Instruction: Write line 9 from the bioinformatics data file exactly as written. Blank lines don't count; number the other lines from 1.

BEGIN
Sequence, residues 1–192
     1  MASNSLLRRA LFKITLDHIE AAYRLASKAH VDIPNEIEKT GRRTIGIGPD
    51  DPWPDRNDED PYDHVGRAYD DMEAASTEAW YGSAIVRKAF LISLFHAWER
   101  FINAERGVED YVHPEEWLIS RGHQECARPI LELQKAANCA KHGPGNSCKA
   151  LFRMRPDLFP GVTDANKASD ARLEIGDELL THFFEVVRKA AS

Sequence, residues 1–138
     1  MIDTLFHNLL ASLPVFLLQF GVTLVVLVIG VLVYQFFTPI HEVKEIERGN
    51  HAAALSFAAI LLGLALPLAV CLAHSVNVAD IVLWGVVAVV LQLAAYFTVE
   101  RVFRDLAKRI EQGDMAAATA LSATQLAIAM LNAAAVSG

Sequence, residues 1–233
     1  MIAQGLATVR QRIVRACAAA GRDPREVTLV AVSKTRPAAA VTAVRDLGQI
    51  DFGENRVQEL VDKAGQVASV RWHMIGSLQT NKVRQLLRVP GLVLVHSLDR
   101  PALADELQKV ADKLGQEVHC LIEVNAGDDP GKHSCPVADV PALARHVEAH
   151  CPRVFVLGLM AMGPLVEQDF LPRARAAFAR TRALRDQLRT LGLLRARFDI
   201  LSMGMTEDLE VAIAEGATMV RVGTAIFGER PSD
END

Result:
   101  RVFRDLAKRI EQGDMAAATA LSATQLAIAM LNAAAVSG